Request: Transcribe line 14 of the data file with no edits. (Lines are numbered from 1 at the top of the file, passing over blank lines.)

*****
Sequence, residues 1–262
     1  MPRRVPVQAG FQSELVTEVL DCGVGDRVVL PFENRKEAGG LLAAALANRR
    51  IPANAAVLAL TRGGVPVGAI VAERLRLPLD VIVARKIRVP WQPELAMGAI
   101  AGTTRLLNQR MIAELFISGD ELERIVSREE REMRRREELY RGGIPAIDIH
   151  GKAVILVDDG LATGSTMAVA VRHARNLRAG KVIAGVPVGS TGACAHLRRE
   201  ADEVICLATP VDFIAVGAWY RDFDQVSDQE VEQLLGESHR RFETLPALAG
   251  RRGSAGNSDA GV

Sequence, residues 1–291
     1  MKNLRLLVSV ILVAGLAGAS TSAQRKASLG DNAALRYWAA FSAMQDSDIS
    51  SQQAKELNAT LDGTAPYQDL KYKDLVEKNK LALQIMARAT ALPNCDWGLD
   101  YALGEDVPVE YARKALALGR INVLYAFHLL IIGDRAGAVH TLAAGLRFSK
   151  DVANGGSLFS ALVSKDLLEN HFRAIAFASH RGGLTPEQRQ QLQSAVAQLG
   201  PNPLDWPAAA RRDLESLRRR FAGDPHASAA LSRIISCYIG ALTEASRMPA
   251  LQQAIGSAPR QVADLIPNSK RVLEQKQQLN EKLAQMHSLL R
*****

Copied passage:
   251  LQQAIGSAPR QVADLIPNSK RVLEQKQQLN EKLAQMHSLL R